WMAU conference

Heading to the airport soon, to fly to Sydney for the WMAU Community Conference. I’m looking forward to meeting new people, and finding out more about what’s going on around the country. It’s pretty rare that we all get together — it’s never happened since I’ve been involved in Wikimedia stuff. Australia’s a bit too big, really.

More Hall documents

Yesterday I received from my dad the following copies of transcripts:

Building WordPress assets

Today I was just finally getting around to (maybe) updating my WordPress theme, and couldn’t for the life of me remember what the deal was with the new Node-based build system. So I went looking, only to find this posted on the Core blog today:

In May 2018 we’ve introduced a build step to WordPress core development as preparation to WordPress 5.0. While these changes never ended up in 5.0, the idea was to reorganize the way the JavaScript in WordPress is managed and structured so that it would be easier to include Gutenberg.

Since then, it was no longer possible to run WordPress from the src folder. This gave some issues, especially with developing WordPress core PHP. Today, @atimmer committed a patch which allows developers to build into src again.

So I do still have to build the assets, but it seems that PHP development can once again happen from the normal directory.

Maybe it’s a good thing that I’ve neglected WP development this last year or so?

Checksums for Flickr photos

I’ve been working a bit on PhpFlickr CLI lately, which is my little tool for interacting with Flickr. So far, it only adds checksums to photos (as machine tags), as a precursor to making a duplicate-finder for Flickr. I also want to use the checksums for adding links to and from Wikimedia Commons (so that photos I’ve uploaded there are linked to their versions on Flickr, and on Flickr they’re linked to Commons).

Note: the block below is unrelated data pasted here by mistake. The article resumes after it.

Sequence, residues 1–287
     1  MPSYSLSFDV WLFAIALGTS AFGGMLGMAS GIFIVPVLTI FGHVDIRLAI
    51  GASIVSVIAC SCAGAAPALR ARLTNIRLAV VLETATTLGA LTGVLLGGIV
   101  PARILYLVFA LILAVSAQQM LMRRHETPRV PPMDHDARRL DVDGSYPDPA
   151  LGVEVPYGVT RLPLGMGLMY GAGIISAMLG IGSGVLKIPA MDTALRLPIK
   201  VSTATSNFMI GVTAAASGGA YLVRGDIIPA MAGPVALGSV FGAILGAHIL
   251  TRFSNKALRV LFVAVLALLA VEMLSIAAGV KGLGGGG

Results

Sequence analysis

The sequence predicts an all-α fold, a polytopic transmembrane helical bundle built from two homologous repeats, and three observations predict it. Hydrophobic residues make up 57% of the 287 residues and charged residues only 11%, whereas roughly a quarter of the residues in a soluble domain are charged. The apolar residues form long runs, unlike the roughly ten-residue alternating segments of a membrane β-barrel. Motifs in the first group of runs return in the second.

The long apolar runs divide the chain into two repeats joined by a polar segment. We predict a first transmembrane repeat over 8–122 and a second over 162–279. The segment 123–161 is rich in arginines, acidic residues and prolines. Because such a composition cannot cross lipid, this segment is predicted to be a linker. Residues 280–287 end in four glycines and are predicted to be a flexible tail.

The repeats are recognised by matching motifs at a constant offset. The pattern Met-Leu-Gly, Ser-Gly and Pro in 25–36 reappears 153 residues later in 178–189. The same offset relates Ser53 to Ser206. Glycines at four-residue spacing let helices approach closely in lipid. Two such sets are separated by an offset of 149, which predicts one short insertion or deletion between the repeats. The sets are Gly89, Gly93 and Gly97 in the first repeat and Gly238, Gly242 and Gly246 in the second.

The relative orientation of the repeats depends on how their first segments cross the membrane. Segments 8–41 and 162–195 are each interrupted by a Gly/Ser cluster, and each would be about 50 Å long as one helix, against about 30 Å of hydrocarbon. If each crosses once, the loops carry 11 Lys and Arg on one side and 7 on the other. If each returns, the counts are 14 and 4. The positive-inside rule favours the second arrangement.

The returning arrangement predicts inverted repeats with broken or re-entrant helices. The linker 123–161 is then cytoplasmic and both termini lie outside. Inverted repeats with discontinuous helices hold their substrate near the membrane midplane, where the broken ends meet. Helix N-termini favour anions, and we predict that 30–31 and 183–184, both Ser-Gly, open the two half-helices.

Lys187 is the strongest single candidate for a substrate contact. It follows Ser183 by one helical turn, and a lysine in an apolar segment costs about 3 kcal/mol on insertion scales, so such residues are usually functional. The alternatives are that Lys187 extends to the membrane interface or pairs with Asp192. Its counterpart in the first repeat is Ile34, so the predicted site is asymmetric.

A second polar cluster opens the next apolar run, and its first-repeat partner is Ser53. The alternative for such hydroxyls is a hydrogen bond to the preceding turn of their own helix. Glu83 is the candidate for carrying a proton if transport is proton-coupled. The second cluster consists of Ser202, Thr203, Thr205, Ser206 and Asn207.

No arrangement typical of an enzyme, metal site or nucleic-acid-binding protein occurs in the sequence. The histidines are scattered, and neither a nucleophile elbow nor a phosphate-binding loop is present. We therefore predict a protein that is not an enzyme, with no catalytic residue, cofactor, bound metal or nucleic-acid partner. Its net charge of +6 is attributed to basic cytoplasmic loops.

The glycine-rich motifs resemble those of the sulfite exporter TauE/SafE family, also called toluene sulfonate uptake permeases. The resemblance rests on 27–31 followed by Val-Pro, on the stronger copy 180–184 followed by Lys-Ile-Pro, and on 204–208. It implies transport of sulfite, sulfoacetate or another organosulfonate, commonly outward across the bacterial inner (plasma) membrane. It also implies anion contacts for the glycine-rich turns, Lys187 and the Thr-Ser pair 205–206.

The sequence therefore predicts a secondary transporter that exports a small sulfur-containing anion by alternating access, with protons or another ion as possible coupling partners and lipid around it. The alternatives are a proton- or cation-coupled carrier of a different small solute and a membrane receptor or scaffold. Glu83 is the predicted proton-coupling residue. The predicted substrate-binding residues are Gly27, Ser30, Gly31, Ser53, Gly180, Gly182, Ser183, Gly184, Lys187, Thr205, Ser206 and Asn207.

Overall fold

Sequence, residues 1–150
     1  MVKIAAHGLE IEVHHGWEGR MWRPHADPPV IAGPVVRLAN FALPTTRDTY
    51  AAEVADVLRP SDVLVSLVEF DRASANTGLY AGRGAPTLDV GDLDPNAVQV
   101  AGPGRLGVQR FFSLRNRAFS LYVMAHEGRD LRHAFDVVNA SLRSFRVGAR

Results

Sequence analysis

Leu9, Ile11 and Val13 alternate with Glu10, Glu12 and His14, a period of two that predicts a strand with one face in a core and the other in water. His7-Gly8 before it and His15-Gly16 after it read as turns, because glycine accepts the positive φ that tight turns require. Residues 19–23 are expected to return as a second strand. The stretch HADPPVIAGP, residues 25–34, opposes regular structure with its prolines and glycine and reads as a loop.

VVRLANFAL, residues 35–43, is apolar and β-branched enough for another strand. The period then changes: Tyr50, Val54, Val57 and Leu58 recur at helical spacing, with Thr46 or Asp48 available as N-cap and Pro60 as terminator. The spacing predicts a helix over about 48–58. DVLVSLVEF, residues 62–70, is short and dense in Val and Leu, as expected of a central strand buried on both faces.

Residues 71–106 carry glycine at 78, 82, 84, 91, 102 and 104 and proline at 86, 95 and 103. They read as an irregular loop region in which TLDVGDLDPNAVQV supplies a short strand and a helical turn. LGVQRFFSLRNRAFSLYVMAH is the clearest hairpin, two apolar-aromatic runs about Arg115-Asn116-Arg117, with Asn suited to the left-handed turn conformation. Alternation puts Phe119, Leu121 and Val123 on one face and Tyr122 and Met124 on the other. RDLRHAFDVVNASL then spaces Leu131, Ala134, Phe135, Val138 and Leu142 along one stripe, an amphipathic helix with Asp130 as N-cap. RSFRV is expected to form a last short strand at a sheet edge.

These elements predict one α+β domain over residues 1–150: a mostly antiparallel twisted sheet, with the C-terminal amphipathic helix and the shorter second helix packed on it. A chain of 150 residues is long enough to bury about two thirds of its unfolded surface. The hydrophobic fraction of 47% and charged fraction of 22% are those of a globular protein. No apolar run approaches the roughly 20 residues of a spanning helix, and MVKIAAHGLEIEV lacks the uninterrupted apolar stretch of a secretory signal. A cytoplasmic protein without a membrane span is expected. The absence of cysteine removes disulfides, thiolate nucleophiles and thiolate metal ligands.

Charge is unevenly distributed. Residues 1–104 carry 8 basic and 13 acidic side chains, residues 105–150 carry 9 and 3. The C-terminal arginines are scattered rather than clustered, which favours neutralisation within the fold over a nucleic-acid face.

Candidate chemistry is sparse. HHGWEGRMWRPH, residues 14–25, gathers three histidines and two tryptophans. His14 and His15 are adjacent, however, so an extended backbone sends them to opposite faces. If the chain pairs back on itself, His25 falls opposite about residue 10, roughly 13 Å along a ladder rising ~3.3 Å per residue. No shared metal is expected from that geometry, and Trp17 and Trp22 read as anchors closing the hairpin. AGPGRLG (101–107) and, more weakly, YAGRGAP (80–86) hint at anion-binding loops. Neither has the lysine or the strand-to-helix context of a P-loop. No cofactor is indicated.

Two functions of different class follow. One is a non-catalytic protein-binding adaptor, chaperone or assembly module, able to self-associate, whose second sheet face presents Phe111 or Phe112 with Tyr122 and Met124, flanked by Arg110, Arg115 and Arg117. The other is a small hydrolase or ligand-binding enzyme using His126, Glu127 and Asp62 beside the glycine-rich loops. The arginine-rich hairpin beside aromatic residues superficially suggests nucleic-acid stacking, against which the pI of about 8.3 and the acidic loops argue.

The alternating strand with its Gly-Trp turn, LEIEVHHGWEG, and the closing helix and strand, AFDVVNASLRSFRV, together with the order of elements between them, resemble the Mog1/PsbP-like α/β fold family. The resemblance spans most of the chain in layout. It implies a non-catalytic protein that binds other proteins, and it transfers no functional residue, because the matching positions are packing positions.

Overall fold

In a café in Berkeley

Is the internet a good place to start typing random thoughts? It feels like it’s probably not, because of all the “taken out of context”, “recalled in future years and laughed at”, and “what’s the point no one will see it” responses. But it also feels like random beginnings and unplanned words are the only things that will ever lead to more coherent and useful words, and that putting them out in the great wash of the online world is slightly better than hiding them away in a notebook in my own bottom drawer. I do write lots and lots of words that only I will ever see, and they’re usually pretty unpolished. I don’t think that what I put on this blog or Twitter or anywhere else is particularly good, but I do at least attempt to finish sentences and thoughts, and fix typos. Maybe that’s all I mean: that uploading ideas makes the brain follow through and express them, and in doing that there’s a surprising amount of satisfaction.